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Data Privacy and Online Privacy in Higher Education
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Facebook password laws go into effect in 5 states

Facebook password laws go into effect in 5 states | Higher Education & Privacy | Scoop.it

Has your boss ever asked for your Facebook password? On a job interview, did the hiring manager request access to your Twitter account?

 

Well, good news: Starting tomorrow, employers are forbidden from demanding private information about social media activity from employees and job applicants in five states, where laws were passed last year prohibiting the practice.

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Congress Defeats E-Mail Privacy Legislation — Again

Congress Defeats E-Mail Privacy Legislation — Again | Higher Education & Privacy | Scoop.it
The Senate late Thursday forwarded legislation to President Barack Obama granting the public the right to automatically display on their Facebook feeds what they're watching on Netflix.
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Instagram Proves We Care More About Pictures Than Personal Data

Instagram Proves We Care More About Pictures Than Personal Data | Higher Education & Privacy | Scoop.it
We seem to accept that Facebook and Pinterest hand off our personal data to advertisers, but a virtual angry mob gathers at the mere idea that Instagram might use people's pictures in advertising.
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FTC Opens an Inquiry Into Data Brokers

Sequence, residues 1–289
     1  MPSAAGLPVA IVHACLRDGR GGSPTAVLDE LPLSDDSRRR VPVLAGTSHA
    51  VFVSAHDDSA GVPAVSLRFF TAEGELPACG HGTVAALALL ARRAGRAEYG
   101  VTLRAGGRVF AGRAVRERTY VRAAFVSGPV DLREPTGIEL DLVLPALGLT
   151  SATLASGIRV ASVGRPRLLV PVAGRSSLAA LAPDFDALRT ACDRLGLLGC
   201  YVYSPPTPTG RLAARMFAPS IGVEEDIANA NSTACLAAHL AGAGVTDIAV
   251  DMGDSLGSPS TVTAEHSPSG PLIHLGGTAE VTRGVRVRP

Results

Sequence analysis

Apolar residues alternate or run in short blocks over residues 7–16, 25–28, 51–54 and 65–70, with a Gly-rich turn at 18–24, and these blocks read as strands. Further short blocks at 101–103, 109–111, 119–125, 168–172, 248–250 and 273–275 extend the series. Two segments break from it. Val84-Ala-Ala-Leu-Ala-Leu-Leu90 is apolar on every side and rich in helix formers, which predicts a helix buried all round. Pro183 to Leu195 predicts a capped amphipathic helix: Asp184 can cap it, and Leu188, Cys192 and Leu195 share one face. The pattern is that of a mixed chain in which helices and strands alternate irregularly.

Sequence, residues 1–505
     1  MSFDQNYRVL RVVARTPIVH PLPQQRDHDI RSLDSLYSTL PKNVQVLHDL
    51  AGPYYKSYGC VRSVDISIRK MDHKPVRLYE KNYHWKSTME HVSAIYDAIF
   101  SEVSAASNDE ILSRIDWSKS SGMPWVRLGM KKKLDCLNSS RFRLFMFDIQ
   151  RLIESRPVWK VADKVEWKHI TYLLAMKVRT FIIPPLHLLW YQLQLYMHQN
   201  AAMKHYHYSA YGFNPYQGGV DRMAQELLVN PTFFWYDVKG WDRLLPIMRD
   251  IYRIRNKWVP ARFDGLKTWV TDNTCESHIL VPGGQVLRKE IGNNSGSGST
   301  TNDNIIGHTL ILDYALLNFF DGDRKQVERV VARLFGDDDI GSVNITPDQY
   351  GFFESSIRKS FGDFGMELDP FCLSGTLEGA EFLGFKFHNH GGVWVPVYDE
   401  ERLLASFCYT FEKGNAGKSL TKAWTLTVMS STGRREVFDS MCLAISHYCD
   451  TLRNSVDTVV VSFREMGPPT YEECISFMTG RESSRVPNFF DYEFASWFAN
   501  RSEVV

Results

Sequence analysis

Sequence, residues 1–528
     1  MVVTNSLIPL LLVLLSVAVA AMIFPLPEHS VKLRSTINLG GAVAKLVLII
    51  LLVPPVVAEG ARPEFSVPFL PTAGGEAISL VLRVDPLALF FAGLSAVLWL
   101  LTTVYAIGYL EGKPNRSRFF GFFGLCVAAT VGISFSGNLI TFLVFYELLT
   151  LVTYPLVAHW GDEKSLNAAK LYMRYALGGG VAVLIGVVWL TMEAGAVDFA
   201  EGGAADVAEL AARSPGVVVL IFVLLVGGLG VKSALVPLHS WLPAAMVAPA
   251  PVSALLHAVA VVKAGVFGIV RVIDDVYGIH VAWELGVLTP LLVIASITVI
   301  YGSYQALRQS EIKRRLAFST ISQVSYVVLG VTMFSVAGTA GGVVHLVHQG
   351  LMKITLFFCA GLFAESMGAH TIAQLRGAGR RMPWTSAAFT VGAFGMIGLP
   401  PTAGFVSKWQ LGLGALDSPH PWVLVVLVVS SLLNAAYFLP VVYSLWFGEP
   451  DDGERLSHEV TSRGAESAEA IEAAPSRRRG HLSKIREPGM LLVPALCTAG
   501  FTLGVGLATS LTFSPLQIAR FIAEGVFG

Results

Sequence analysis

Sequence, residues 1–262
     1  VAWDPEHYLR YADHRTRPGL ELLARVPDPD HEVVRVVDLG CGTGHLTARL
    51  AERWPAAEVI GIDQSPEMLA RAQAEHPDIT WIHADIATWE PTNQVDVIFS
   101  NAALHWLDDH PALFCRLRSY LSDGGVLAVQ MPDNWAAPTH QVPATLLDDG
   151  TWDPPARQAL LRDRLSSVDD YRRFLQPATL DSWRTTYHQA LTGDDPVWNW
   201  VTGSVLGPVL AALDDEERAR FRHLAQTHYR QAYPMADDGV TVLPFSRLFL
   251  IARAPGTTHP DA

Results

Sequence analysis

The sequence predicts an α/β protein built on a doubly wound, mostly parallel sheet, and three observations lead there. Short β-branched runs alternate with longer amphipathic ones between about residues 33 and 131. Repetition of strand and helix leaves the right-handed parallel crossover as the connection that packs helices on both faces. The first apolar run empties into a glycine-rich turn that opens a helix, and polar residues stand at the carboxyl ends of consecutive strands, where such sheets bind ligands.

FTC Opens an Inquiry Into Data Brokers | Higher Education & Privacy | Scoop.it
The Federal Trade Commission is looking at nine companies that collect, sell or analyze information about consumers.
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Ohio State’s Monitoring of Athletes’ Spending Raises Privacy Concerns

Ohio State’s Monitoring of Athletes’ Spending Raises Privacy Concerns | Higher Education & Privacy | Scoop.it
Ohio State’s new compliance measures include educating student-athletes on how to budget their money as well as monitoring athletes’ spending habits, which has raised concerns about violations of privacy.

(Registration may be required to access this story.)
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Instagram and Facebook’s ad policy change could compromise privacy for teens

Instagram and Facebook’s ad policy change could compromise privacy for teens | Higher Education & Privacy | Scoop.it
Instagram’s policy changes may let advertisers use teenagers’ photos for marketing, raising privacy and security concerns.
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SafeGov.org - FERPA and the Cloud: What FERPA Can Learn from HIPAA

SafeGov.org - FERPA and the Cloud: What FERPA Can Learn from HIPAA | Higher Education & Privacy | Scoop.it
by Daniel Solove
"In an earlier essay, I argued that the Family Educational Rights and Privacy Act (FERPA) is in dire need of reform, as demonstrated by its failure to address so many key issues regarding the use of cloud computing services by schools and educational entities.

In this essay, I will compare FERPA to HIPAA to demonstrate more reasons why FERPA fails to provide adequate guidance and limitation about cloud computing and why FERPA fails more generally as an effective privacy and security law."
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'How-To' for De-Identification of Health Data is Good First Step; More Work Needed | Center for Democracy & Technology

'How-To' for De-Identification of Health Data is Good First Step; More Work Needed | Center for Democracy & Technology | Higher Education & Privacy | Scoop.it